Fundamentals of Counseling


Fundamentals of Counseling:

DANTES Final Exam Outline 

Each topic will be covered in class. 


Historical Development (4% - 6%)


  • Significant Influences and Historical Elements: With the rise of science, the power of the church declined, and it was not always able to give the help that was needed.

  • People of Significance: Frank Parsons was known as “The father of the guidance movement,” and credited with being the first true counselor.


Counselor Roles and Functions (19% - 21%)


  • The Profession of Counseling: Professional counselors have a minimum of a master's degree (M.Ed.) in counseling.

  • Role expectations of counseling in various settings: Comfort, security/privacy, noise/stimuli control, and a supportive environment are crucial to counseling.

  • Professional Associations: Examples include the American Counseling Association (ACA) and the American School Counselor Association (ASCA) among others.

  • Consultation: The process whereby an expert enables a consultee to deliver services more effectively to the client.

  • Group approaches: This involves facilitating interaction among a group of members to help them learn from one another.

  • Family counseling: Treatment to help families overcome mental or emotional problems that may result within the home.

  • Individual counseling: The traditional, one-on-one setting most commonly associated with the profession.

  • Advocacy: Speaking and acting on behalf of the client.


The Counseling Relationship (14% - 16%)


  • Communication: Involves both Verbal and non-verbal behavior of the client.

  • Counselor Characteristics and Skills: Ability to listen and convey understanding without judgment.

  • Ethical and legal issues: Adherence to ethical codes and standards relevant to the profession of career counseling (e.g. NBCC, NCDA, and ACA).


Theoretical Approaches (19% - 21%)


  • Psychodynamic: Focuses on the unconscious process as they manifest in a person in real time.

  • Humanistic and Experiential: The focus is on helping the individual recognize strengths and creativity and be in the “here and now”.

  • Cognitive – Behavioral: By changing one's negative behavior (bad habits), one's behavior and effect will also change.

  • Behavioral: Like Cognitive Therapy, it seeks to change one's behavior.

  • Systems: Behavior patterns and the human experience are explored by using complex systems.

  • Postmodern approaches: Narrative, Solution-Focused, and Collaborative Language Systems are three of the most common types.


Social and Cultural Foundations (14% - 16%)


  • Multicultural issues (e.g., religion race, ability, gender, sexual orientation, ethnicity, socioeconomics, spiritual, non-traditional approaches, etc.): A multicultural approach to counseling challenges the assumption that one style of interviewing is transferable to all clients.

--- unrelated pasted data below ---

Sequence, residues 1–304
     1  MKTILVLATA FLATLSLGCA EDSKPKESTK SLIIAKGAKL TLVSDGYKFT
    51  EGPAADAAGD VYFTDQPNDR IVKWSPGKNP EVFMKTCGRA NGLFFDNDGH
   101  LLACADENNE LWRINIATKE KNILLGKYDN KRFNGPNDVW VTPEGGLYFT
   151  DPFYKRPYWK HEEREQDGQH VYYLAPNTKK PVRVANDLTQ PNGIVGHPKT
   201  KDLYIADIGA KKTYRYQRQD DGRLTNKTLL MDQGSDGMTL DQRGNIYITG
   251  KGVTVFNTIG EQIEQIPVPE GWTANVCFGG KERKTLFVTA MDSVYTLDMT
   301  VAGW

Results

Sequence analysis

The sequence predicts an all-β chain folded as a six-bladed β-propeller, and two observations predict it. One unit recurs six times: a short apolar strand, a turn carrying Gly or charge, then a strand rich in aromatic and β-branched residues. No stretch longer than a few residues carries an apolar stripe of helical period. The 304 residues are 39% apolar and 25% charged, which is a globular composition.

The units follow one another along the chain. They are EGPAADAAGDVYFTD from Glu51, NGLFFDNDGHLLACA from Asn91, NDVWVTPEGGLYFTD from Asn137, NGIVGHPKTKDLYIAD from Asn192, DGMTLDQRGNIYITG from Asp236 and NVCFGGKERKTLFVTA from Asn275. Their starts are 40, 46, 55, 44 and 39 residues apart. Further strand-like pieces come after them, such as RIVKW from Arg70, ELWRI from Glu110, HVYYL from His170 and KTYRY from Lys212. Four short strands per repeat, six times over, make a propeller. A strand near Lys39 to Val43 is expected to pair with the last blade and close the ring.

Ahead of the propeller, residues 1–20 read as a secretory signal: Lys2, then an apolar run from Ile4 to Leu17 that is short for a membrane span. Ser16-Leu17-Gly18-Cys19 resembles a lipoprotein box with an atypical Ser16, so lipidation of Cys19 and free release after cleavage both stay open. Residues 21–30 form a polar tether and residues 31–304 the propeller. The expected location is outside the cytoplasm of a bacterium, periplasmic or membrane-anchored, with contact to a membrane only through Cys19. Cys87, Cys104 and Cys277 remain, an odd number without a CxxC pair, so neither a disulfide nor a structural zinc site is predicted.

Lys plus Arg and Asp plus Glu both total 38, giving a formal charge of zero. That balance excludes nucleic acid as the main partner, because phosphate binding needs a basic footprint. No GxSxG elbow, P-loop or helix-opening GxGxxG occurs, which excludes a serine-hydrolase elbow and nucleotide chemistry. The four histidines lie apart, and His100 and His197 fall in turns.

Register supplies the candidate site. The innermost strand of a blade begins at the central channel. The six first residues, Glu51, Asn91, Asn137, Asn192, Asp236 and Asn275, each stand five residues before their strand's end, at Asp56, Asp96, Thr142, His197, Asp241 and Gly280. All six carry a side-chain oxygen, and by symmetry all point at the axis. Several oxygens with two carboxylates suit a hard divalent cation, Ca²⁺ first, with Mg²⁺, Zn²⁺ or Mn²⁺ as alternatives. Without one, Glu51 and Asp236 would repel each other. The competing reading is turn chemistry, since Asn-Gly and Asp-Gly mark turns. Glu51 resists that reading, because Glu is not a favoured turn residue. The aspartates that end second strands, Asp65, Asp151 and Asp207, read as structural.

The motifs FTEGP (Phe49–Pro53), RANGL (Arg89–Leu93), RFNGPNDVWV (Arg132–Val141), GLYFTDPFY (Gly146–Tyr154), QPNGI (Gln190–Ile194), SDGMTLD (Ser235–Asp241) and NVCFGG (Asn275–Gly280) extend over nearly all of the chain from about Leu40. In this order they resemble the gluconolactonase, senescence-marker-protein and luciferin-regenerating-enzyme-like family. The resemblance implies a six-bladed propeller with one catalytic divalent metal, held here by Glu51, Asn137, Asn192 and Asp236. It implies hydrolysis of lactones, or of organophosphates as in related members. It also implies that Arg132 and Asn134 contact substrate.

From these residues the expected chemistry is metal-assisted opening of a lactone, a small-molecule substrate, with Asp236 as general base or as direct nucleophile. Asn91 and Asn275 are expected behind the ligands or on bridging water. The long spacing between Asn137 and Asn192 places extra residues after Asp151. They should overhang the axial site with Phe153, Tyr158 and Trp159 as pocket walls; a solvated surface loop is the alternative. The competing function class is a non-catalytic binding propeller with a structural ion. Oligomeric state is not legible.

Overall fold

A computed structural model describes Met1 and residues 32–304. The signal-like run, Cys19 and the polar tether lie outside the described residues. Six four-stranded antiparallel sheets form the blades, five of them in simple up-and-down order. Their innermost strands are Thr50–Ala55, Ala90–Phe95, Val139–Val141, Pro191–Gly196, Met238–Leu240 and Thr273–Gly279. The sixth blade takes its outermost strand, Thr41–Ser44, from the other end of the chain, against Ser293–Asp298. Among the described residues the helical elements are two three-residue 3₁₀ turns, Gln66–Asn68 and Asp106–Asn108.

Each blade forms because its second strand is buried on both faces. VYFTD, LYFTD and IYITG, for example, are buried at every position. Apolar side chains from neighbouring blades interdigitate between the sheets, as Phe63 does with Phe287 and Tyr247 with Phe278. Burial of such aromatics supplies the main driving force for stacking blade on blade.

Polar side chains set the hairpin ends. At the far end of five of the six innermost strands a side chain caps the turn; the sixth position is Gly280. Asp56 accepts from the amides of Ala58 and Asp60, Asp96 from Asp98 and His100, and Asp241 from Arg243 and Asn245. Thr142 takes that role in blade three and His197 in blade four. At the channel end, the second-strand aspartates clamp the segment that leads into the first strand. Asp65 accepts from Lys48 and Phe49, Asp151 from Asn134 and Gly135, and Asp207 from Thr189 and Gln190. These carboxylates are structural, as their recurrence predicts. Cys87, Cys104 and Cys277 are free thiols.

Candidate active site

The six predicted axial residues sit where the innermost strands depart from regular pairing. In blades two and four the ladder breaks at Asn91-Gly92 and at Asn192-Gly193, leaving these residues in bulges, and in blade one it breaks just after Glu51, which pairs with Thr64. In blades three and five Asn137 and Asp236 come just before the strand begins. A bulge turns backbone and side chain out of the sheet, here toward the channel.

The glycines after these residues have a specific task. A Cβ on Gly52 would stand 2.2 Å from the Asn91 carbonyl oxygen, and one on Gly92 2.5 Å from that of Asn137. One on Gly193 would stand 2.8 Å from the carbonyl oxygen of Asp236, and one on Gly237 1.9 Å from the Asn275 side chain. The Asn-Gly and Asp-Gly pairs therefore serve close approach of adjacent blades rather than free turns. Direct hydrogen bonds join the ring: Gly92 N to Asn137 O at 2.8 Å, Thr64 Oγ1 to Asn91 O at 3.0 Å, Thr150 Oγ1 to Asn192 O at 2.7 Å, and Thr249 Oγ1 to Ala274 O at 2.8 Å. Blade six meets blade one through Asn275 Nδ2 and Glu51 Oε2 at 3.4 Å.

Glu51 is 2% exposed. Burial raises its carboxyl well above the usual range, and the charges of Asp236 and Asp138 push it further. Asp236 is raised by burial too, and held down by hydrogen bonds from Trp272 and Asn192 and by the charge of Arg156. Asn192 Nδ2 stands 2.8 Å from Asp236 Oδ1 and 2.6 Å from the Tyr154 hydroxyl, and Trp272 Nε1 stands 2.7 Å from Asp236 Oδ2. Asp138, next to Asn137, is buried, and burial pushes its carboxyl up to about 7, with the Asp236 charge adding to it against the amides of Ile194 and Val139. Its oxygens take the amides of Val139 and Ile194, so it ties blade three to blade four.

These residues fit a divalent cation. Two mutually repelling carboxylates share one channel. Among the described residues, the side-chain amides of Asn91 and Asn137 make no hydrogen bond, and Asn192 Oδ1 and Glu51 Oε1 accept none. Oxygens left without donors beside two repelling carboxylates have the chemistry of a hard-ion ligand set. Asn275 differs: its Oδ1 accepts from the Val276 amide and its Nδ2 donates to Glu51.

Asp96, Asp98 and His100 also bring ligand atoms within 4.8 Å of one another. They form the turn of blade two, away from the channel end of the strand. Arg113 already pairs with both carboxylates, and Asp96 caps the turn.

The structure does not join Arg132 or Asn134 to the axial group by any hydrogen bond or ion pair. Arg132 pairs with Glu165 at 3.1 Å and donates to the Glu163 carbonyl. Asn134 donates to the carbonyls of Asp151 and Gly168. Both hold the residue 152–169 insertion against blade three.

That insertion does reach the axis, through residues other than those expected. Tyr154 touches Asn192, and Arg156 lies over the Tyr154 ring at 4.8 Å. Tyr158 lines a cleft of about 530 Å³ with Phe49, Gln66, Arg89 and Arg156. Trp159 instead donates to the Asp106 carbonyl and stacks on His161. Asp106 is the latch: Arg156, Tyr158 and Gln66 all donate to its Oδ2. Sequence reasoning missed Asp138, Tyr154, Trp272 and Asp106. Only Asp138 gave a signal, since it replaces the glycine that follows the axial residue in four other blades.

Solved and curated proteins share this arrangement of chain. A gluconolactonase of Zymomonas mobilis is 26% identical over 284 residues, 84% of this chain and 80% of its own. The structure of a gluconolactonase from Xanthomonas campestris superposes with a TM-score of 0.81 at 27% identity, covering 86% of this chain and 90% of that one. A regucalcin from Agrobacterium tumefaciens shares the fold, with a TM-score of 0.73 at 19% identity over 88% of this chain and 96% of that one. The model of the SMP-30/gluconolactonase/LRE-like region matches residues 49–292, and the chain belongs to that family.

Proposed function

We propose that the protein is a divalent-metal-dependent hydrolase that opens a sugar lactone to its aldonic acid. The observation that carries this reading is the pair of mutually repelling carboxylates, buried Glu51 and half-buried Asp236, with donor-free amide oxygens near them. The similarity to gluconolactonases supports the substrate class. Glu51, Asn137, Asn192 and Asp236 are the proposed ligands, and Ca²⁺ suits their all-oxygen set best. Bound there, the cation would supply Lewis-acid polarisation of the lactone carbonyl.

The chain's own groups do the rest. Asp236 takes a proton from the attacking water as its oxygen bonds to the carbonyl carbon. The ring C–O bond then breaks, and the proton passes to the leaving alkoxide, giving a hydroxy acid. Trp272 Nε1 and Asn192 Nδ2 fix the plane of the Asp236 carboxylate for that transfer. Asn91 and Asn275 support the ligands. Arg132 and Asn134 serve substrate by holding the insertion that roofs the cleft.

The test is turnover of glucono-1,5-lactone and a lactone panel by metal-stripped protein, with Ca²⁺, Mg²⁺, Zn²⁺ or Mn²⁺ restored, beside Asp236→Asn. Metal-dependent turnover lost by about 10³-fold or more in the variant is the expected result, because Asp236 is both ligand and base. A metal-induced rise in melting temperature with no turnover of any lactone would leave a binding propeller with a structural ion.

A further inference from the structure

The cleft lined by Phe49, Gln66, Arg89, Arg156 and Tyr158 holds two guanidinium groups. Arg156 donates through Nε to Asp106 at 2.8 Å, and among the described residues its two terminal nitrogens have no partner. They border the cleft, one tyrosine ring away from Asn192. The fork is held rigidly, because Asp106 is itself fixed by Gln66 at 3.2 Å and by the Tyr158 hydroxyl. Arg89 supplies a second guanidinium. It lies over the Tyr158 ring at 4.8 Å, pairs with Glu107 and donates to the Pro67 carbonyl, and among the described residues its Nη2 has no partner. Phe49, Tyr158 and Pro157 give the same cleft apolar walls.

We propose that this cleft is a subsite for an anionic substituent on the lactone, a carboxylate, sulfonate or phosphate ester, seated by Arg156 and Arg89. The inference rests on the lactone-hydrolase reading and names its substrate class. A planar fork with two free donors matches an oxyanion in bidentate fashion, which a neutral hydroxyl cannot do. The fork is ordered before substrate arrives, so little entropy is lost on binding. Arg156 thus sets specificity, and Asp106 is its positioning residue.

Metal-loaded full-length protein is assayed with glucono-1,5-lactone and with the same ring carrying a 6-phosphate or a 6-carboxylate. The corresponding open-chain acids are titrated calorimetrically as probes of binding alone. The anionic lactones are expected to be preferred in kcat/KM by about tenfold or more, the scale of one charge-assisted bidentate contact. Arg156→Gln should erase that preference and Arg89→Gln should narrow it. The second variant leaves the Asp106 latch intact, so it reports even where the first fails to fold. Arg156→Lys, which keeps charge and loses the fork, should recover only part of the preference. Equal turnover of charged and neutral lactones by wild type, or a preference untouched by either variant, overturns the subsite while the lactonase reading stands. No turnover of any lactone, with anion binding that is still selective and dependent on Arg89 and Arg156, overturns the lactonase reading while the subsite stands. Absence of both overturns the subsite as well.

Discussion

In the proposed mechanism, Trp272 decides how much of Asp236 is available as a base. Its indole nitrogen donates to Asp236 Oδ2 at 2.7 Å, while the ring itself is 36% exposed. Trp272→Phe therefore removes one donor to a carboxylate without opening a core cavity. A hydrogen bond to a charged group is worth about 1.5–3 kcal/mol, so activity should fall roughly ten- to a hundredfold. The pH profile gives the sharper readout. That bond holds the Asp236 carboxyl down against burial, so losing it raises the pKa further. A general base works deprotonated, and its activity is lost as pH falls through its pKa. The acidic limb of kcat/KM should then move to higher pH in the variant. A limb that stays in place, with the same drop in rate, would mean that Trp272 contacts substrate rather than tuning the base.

• Discrimination issues (e.g., gender, age, sexual orientation, disability, AIDS, managed care, etc.): Try to understand what causes them and how they can be removed.

  • Societal concerns (e.g., substance abuse, physical and sexual abuse, stress, violence): Counselors must be able to articulate and implement counseling intervention strategies perceived as appropriate by both the counselor and the client.


Career Development (6% - 8%)


  • Theories: There are two types of career development theories: structural and developmental.

  • Decision-making models: Some decision-making theories hypothesize that there are critical points in our lives when choices are made that greatly influence our career development.

  • Career Information Resources: The Occupational Outlook Handbook provides detailed descriptions of hundreds of occupations, including salary expectations and growth outlook.


Human Growth and Development (7% - 9%)


  • Child development: Children’s basic survival depends on forming meaningful, effective relationships with other people.

  • Adolescent development: An adolescent is discovering their true identity amid confusion created by playing many different roles for different people in their social surroundings.

  • Adulthood: An essential stage in early adulthood allows a person to have the capacity for closeness and commitment to another.


Assessment and Appraisal Techniques (9% - 11%)


  • Testing and measurement: To obtain reliable evidence that generate valid results, researchers follow the scientific method.

  • Models of Assessment: Scientific theories undergo rigorous testing, and independent investigators must replicate the results before the theories are recognized as proven.

  • Diagnostic and Statistical Manual for Mental Disorders, 4th Ed. (DSM-IV): DSM-IV is the current diagnostic and statistical manual of the American Psychiatric Association that classifies, defines, and describes over 200 mental disorders.